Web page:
- With Mayo Clinic health education outreach coordinator
Angela Lunderead biographyclose window
Angela LundeAngela LundeAngela Lunde is a dementia education specialist in the education core of Mayo Clinic's Alzheimer's Disease Research Center at the Abigail Van Buren Alzheimer's Disease Research Clinic in Rochester, Minn.
The transfer of information about dementias, as well as understanding the need for participation in clinical trials, is an essential component of the education core.
Angela is a member of the Alzheimer's Association board of directors and co-chair of the annual Minnesota Dementia Conference. She is a member of the Dementia Behavior Assessment and Response Team (D-BART), a multidisciplinary outreach service assisting professional and family caregivers in understanding and managing difficult behaviors often present in dementia. She facilitates several support groups, including Memory Club, an early-stage education and support series, and more recently, helped to develop and now deliver Healthy Action to Benefit Independence and Thinking (HABIT), a 10-day cognitive rehab and wellness program for people with mild cognitive impairment.
Angela takes a personal interest in understanding the complex changes that take place within relationships and among families when dementia is present. She is particularly interested in providing innovative and accessible ways for people with dementia and their families to receive information and participate in valuable programs that promote well-being.
"Amid a devastating disease, there are tools, therapies, programs and ways to cope, and it is vital that families are connected to these resources," she says.
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Nov. 17, 2009
Memory screening can be a good thing, but not for everyone
By Angela Lunde
November is National Alzheimer's Disease Awareness Month, initiated by the Alzheimer's Foundation of America in 2003.
One of the events is National Memory Screening Day, Nov. 17. Some of you may have noticed various screening day campaigns in your area. Screenings often take place on senior campuses, long term care facilities or local retail businesses. To check screening sites in your area go to http://www.afascreenings.org/.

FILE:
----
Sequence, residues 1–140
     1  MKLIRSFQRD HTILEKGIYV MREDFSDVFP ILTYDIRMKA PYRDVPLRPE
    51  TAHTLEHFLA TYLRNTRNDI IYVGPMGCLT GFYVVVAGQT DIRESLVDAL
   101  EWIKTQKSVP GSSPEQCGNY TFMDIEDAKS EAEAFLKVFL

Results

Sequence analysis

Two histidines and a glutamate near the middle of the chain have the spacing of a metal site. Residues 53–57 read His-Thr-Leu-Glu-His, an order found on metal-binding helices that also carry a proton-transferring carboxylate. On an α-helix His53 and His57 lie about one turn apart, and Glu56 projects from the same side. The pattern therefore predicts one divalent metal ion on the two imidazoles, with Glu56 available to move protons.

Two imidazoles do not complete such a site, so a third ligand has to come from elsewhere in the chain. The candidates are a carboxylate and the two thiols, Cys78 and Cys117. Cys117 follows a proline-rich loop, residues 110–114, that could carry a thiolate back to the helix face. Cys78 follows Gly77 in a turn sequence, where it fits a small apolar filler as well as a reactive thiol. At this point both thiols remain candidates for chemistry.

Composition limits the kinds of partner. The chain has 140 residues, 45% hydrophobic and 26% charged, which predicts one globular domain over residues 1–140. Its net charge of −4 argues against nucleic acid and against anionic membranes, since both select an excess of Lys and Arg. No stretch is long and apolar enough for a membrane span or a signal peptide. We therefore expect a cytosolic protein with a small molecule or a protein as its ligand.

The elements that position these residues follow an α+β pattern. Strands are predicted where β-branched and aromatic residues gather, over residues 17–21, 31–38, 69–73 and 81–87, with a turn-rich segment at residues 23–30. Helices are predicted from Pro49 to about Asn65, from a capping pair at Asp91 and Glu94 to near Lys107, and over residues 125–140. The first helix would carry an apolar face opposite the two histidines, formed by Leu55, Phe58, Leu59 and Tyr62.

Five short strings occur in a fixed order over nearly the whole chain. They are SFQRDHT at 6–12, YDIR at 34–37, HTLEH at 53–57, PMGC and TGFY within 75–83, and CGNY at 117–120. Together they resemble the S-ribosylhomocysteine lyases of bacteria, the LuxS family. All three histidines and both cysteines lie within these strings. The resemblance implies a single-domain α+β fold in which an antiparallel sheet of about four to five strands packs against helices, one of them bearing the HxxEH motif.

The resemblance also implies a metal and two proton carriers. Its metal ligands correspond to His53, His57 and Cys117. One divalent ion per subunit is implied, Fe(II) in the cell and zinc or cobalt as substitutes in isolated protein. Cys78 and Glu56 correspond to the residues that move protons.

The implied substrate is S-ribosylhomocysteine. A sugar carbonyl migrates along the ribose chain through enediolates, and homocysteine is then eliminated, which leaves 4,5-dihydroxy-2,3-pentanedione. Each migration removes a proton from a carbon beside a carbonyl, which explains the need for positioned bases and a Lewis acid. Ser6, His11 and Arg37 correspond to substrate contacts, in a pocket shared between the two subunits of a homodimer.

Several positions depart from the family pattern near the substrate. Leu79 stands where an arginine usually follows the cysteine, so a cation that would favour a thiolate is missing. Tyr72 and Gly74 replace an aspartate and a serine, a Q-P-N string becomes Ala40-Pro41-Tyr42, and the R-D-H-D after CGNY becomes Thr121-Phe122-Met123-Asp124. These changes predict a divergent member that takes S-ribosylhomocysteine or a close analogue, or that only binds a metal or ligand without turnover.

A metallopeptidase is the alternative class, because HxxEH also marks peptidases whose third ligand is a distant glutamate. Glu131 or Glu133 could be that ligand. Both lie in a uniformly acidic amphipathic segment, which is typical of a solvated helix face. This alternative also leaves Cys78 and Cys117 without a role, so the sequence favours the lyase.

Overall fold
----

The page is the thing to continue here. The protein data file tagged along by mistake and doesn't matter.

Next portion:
Regardless of whether you were to pursue a screening this week or another time, consider a few things. While screenings can be a good thing, widespread screenings for anyone who is not showing symptoms are not unanimously endorsed. The U.S. Preventive Services Task Force issued a statement in 2003 that there was insufficient evidence for or against the screening of older adults.
The American Academy of Neurology recommends screening only when dementia is suspected. One of the main reasons against screening for everyone is that they result in a lot of false positives. In addition, many sources indicate that when a screening indicates a concern, many people never take the information to their doctor for further evaluation.
Yet, a community-wide memory screening can be a helpful first step for families if they are seeing signs of memory problems. The screening is relatively simple, accessible, and takes little time. It may help persons with memory concerns or their partners learn more about dementia and can be a good first step toward early diagnosis.
In general, we can all decide for ourselves if we want to participate in a community based memory screening given our own circumstances. If physicians and patients have a long standing relationship, memory problems usually get noticed in the office. The most important thing if you suspect memory changes is to see your doctor early and discuss your specific concerns.blog index